Mae cofnodion sy’n ymwneud a Llandudno yn cael eu dal gan Wasanaeth Archifau Conwy.  Mae mwy o wybodaeth am eu daliadau ar gael ar http://www.conwy.gov.uk/section.asp?cat=772&Language=2

Dau Gant a Hanner o Filltiroedd trwy Gogledd Cymru: Diwrnod 6, Rhan 1

Awst 11, 2011

Mae’r criw yn treulio gweddill y bore ym Mangor yn ymweld â’r Gadeirlan.  Mae nhw’n disgrifio’r brif stryd ym Mangor a’r golygfeydd tuag Ynys Seiriol a Llandudno.

Pont Britannia

DD/DM/1113- Llun o Pont Britannia o'r dyddiadur gwreiddiol 'Dau gant a hanner o filltiroedd drwy Gogledd Cymru'

Sixth Day

Saturday 20th September 1890

Bangor to Aber, Llanfairfechan, Penmaenmawr, Conway and Llandudno.

It had been raining during the night, this had not prevented on the ladies rising early, the excuse for this being that her husband took all the room, she threatened vengeance if he did the same at the next stopping place.  After a good breakfast at our lodgings (where the charges were rather high) we had a walk round Bangor, there is nothing of interest to visitors except the Cathedral, which is of so plain a character as scarcely to deserve a special visit. This Cathedral is a low structure erected in the year 525.  In 1402 it was burnt down in the rebellion of Owen Glyndwr, and remained in ruins for nearly a century, the Choir was built in the Reign of Henry the Seventh, the tower and nave were built in 1532, Owen Gwynedd  Prince of North Wales was buried in 1169.  The heart of Bishop Skeffington was buried here in 1530, his body being buried at Beaulieu in Hampshire.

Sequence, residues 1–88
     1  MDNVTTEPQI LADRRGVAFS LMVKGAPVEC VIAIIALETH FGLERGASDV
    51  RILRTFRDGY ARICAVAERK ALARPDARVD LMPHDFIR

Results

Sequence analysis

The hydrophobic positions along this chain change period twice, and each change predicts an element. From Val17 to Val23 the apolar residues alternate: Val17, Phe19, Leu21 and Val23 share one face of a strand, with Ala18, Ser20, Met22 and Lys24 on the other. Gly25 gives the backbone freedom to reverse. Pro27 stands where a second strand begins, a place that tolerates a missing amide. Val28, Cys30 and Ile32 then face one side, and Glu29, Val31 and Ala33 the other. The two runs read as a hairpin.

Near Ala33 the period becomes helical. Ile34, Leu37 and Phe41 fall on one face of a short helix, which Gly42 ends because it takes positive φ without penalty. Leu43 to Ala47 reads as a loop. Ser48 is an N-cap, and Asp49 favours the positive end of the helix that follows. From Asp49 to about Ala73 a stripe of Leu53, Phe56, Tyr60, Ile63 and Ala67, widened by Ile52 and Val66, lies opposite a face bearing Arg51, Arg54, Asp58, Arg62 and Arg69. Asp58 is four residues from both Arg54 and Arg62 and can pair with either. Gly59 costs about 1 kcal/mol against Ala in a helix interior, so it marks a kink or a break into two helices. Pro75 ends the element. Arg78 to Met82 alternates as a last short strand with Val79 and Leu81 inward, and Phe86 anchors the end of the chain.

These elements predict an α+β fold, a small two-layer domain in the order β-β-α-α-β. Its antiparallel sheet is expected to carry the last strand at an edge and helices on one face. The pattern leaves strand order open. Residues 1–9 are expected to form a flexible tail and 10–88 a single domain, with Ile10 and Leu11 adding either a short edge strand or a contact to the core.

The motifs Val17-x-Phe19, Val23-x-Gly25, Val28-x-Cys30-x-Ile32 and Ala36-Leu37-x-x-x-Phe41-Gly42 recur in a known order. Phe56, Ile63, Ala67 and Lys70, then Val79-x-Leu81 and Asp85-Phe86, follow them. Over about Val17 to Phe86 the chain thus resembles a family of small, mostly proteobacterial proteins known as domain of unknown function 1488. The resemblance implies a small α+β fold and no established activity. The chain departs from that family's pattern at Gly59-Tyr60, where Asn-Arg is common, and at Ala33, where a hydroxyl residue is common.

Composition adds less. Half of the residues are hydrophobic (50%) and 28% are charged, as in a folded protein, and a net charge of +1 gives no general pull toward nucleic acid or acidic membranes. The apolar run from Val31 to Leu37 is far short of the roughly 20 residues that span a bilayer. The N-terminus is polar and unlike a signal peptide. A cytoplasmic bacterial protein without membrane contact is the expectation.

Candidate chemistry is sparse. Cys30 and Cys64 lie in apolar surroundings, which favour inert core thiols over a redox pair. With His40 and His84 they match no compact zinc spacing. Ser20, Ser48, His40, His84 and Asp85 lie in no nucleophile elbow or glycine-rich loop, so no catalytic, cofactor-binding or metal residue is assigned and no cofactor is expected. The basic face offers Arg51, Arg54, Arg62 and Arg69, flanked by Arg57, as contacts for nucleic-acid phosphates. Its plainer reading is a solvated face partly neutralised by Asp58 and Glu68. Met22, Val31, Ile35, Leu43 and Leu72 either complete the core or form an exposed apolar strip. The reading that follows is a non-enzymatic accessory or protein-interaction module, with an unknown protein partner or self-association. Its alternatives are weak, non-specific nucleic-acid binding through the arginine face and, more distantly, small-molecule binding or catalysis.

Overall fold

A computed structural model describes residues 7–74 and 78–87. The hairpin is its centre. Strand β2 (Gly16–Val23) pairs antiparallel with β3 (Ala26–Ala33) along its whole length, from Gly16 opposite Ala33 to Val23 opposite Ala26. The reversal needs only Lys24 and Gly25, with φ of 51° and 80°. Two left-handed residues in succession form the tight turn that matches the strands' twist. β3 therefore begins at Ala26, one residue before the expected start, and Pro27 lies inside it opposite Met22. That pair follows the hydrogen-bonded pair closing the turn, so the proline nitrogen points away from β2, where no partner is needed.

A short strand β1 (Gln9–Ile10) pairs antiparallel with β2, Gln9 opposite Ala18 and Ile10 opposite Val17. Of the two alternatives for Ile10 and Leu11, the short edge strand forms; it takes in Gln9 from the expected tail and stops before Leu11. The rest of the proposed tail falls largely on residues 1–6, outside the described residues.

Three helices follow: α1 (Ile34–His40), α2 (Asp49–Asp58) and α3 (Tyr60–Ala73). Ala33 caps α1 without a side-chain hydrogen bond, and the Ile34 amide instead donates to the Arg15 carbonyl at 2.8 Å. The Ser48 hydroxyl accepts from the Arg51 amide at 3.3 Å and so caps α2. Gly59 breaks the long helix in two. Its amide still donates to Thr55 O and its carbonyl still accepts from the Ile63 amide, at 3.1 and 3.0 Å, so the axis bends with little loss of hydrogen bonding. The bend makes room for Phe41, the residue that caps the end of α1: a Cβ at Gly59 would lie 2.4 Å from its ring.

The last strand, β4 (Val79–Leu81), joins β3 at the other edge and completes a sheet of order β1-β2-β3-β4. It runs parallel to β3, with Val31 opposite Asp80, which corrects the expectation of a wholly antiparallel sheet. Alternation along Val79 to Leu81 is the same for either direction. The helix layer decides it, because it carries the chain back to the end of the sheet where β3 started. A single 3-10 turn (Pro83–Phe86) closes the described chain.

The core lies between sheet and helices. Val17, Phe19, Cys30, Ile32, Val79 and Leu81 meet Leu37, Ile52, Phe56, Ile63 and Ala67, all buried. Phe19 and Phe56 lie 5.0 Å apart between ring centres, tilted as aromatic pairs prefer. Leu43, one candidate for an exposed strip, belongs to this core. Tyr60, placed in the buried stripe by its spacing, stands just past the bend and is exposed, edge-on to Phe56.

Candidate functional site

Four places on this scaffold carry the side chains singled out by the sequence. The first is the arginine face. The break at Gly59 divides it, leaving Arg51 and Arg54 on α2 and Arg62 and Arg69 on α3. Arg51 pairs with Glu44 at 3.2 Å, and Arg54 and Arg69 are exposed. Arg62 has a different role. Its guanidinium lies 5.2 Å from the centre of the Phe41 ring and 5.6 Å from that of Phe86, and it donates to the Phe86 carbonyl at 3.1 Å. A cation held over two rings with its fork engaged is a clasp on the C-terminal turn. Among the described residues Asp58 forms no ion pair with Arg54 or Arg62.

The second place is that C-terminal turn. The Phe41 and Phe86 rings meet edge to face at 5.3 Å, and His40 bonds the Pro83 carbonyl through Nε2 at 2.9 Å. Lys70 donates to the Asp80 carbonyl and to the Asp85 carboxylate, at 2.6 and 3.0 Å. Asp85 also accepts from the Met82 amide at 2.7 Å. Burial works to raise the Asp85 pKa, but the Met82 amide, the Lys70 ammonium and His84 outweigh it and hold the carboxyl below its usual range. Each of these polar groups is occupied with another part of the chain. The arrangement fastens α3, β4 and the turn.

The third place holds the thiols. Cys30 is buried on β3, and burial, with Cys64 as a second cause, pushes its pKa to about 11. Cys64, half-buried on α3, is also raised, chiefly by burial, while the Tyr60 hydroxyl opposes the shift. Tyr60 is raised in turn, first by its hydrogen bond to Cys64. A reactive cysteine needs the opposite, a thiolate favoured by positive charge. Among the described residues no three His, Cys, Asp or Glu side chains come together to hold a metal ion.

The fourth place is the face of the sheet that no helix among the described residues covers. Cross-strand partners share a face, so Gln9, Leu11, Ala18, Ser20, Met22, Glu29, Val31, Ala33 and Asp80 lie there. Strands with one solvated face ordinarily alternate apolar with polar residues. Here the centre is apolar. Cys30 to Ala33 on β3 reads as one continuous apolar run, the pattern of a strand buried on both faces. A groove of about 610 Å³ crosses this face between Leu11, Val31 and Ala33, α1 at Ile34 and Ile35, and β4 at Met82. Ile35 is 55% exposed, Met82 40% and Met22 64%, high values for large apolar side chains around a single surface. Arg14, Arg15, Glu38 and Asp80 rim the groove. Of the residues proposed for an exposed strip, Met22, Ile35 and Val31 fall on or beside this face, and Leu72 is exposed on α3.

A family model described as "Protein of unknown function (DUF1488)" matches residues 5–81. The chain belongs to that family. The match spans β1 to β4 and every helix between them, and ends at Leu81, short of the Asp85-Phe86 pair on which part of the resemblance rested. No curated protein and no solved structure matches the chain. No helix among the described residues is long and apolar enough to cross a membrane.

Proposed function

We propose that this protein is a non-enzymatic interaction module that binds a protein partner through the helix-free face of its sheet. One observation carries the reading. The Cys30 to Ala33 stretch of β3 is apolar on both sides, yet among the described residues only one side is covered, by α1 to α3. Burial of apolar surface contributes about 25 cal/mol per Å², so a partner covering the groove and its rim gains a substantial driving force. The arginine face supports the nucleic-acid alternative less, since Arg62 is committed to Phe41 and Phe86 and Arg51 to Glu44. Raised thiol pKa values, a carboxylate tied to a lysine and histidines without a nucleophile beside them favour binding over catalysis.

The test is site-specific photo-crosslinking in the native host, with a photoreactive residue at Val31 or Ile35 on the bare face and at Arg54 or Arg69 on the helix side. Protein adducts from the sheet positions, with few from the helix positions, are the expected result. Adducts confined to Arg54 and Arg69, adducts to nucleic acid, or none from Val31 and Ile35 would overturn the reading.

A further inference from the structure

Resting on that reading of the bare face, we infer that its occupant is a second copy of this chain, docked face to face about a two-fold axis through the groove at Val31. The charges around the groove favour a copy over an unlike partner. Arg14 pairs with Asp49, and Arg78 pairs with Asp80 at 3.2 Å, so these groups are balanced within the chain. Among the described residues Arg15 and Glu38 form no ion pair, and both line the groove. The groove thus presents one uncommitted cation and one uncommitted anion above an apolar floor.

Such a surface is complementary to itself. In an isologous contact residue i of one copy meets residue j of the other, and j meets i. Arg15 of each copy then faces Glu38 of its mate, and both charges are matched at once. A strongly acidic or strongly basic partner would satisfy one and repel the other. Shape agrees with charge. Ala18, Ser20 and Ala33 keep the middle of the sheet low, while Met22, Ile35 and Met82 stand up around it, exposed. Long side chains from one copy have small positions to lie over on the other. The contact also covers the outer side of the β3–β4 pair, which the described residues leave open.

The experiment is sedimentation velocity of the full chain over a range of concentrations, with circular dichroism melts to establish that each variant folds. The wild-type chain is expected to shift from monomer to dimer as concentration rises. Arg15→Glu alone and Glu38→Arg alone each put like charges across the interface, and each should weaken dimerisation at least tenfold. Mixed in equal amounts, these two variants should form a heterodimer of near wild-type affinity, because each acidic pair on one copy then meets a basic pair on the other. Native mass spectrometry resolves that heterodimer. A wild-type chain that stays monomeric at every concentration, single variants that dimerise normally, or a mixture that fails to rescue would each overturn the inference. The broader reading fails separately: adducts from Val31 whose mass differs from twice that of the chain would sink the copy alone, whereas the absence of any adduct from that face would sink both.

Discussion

The houses in the in the main street of the city stand low, and are shut out from any pleasant prospect from the houses.  On the high grounds you get pleasant views across the Menai Straits of the Buckley Monument and a little higher up we have the Menai and Tubular Bridges, and Beaumaris and other places on the Island of Anglesea [Anglesey].  Beaumaris is a pretty little place with a very old ivy clad Castle you also get a good view of PuffinIsland, in the distance Great Ormes head Llandudno.

Dau Gant a Hanner o Filltiroedd trwy Gogledd Cymru: Diwrnod 5, Rhan 4

Awst 4, 2011

Mae’r criw yn gadael Llanberis am 1.30, ac yn anelu am Bangor, gan edmygu’r golygfeydd o Sir Fôn ar y ffordd.  Mae nhw’n gwario’r noson yn Ngwesty Dirwest, Mrs Buckley ar y Stryd Fawr, gan fynd i’r gwelu yn siomedig, nad oeddent wedi parhau ymlaen i Bont Menai.

Bangor
DD/DM/1113- Llun o Fangor o’r dyddiadur gwreiddiol ‘Dau gant a hanner o filltiroedd trwy Gogledd Cymru’